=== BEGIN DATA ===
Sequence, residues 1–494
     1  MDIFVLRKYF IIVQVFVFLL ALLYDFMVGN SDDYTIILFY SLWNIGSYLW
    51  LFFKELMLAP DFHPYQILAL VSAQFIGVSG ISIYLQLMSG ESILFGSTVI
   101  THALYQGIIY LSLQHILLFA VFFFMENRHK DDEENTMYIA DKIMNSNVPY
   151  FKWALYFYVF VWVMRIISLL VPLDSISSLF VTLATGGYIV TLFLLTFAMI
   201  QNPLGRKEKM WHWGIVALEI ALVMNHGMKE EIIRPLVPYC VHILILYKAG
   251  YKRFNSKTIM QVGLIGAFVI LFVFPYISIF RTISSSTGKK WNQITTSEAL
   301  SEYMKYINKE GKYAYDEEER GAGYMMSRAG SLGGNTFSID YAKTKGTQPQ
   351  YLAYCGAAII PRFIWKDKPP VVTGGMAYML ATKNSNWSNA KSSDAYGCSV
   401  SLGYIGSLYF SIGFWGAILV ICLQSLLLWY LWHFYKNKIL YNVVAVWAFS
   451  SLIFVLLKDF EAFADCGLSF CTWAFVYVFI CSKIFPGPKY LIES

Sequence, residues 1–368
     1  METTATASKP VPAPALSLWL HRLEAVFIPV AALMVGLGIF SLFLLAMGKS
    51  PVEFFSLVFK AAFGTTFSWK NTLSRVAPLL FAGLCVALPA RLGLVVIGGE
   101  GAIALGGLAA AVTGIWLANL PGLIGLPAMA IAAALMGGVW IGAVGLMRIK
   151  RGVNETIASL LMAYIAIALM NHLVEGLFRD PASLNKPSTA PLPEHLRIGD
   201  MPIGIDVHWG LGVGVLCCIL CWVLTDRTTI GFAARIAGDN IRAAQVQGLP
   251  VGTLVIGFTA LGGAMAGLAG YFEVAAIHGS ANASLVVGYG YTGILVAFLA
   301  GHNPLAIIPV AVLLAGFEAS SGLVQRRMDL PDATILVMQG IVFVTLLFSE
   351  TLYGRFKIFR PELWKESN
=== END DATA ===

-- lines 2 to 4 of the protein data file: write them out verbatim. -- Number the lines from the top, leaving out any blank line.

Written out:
     1  MDIFVLRKYF IIVQVFVFLL ALLYDFMVGN SDDYTIILFY SLWNIGSYLW
    51  LFFKELMLAP DFHPYQILAL VSAQFIGVSG ISIYLQLMSG ESILFGSTVI
   101  THALYQGIIY LSLQHILLFA VFFFMENRHK DDEENTMYIA DKIMNSNVPY